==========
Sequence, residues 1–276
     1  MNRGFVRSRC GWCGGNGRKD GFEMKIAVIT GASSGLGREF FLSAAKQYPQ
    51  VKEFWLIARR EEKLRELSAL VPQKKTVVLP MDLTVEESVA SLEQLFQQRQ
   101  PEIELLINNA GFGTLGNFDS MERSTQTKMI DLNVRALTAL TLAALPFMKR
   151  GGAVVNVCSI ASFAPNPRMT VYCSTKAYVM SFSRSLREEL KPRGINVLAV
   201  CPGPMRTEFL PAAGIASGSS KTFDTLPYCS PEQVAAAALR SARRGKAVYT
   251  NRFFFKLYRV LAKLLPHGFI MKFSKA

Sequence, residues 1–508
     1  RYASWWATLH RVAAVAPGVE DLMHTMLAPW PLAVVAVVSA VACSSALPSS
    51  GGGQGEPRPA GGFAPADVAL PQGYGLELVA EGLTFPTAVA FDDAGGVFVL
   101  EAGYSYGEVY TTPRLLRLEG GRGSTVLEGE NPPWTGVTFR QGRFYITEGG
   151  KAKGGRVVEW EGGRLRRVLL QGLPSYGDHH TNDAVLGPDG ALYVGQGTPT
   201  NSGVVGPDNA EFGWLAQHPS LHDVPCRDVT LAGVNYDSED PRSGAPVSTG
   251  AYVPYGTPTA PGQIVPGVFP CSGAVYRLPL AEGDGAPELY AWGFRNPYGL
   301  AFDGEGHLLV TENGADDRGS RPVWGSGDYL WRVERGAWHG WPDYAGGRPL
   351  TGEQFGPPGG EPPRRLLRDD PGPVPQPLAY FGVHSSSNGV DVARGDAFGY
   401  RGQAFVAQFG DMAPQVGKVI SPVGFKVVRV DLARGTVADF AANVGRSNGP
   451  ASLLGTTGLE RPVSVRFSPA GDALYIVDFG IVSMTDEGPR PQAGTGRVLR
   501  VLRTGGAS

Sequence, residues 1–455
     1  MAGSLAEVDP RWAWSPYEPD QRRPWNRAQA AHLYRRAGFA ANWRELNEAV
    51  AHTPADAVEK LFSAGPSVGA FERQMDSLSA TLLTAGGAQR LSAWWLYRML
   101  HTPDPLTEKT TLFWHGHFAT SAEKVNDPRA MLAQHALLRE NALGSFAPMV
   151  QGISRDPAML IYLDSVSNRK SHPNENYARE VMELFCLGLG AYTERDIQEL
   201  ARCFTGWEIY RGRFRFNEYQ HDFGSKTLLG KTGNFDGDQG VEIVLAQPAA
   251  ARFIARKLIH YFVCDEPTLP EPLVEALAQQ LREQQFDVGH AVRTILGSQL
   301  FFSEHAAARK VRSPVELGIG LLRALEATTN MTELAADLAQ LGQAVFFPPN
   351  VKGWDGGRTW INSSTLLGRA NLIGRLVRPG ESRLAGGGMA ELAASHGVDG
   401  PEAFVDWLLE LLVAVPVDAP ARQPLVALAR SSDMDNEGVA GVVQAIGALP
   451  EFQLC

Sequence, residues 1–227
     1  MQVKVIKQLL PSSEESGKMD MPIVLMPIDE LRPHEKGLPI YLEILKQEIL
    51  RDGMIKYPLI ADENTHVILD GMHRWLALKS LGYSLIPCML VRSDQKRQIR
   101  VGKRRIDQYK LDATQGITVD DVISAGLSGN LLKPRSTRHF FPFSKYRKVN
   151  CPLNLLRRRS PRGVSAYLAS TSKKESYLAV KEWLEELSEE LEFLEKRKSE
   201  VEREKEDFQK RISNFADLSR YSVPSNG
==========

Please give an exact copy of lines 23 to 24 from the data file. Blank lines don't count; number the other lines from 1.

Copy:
   101  HTPDPLTEKT TLFWHGHFAT SAEKVNDPRA MLAQHALLRE NALGSFAPMV
   151  QGISRDPAML IYLDSVSNRK SHPNENYARE VMELFCLGLG AYTERDIQEL